She dwelled in her memories, of course, as anyone
would. Once she'd lived on the banks of the black
river beneath the desert of the world, crouching beside
42 dull-eyed juror gods who blurred together
in retrospect. Anubis endlessly brought forth the dead --
trembling or penitent or proud -- and placed each of their hearts
on the left side of the scales. The hearts never bled,
not then, never pooled red on the shining gold. A feather
from Ma'at's radiant head rested on the right side
of the scales. Most often, the heart -- heavy with sins and living --
outweighed the feather, and then Ammut sauntered
forward. Oh, she was strong in those days, with the forelimbs
of a lion, the back parts of a hippopotamus, the endless grin
of a crocodile (these days, too often, she feels like something
stitched together from incompatible parts). While the dead
watched -- still trembling, still penitent, only rarely
still proud -- Ammut snapped up their hearts
and swallowed, the juice filling her mouth, the hearts
dropping into the great empty hollowness at her center.
The sinful dead wandered away to crouch in corners and chew dust,
forbidden the sublime pleasures of the afterlife.
Eventually, Anubis stopped bringing in the dead. The
42 jurors fell asleep, fell into comas, fell apart. Ma'at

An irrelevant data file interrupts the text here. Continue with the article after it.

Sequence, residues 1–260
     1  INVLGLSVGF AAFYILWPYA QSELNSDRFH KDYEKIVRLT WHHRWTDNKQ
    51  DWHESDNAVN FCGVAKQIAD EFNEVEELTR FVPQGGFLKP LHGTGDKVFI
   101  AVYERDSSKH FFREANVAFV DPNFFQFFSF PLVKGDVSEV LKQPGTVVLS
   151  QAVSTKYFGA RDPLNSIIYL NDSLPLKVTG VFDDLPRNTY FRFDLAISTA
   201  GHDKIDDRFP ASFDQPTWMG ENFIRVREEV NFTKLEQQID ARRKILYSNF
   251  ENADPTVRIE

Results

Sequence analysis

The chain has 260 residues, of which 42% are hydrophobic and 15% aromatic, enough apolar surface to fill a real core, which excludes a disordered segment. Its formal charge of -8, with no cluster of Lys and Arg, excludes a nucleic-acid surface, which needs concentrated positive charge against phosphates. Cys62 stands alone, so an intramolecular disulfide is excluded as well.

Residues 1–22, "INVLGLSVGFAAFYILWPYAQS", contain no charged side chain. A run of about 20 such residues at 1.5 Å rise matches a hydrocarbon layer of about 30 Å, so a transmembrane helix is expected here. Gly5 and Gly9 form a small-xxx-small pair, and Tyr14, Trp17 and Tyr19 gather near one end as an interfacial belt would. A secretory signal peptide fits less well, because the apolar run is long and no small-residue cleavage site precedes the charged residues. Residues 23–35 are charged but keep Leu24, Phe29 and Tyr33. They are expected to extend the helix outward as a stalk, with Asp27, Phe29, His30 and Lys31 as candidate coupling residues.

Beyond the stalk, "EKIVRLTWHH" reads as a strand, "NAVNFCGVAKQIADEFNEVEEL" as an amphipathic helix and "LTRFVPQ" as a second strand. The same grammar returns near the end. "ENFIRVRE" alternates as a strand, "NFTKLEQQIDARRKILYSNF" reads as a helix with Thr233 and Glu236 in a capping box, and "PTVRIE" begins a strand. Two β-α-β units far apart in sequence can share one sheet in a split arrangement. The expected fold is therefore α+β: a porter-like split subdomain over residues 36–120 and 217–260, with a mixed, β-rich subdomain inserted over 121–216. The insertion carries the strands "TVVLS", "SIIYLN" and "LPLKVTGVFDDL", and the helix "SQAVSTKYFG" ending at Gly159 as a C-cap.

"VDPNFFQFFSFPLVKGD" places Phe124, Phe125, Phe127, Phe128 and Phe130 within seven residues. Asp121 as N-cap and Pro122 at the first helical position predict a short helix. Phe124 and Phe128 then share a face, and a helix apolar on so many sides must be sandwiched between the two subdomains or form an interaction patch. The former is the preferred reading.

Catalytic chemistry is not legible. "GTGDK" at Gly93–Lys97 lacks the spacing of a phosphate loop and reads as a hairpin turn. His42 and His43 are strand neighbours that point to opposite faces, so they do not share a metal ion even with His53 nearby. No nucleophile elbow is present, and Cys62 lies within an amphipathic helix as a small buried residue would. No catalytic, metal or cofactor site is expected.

shed her feathers and tucked her head beneath her wing.
Thoth closed his book of records and wept. Ammut grew
bored first, then hungry. She went out, into the decadent
ruin where expatriate gods live, and there she grew old,
her teeth loosening in her jaws, her back legs aching,
the fur of her forelimbs turning gray.
Most days she sits at a rusty table in a sidewalk café.
She has a plastic bag of shriveled hearts, which she rations
strictly, for even such poor hearts as these are hard to come by.
Each morning she drops a heart into her tea press, pours in hot
water, pushes down the plunger, and watches the water turn
faintly pink. She sips blood tea, and thinks about judgment.
Perhaps someday her own heart will be removed, placed
on a scale, weighed against something lighter than life.
She hopes so. Her tea tastes more like dust every day.
Copyright © 2003 Tim Pratt
Tim Pratt works as an assistant editor for Locus by day; edits Star*Line, the journal of the Science Fiction Poetry Association, by night; and co-edits a 'zine called Flytrap during dawn and twilight. His myriad previous publications in Strange Horizons can be found in our Archive. To contact him, email email@example.com.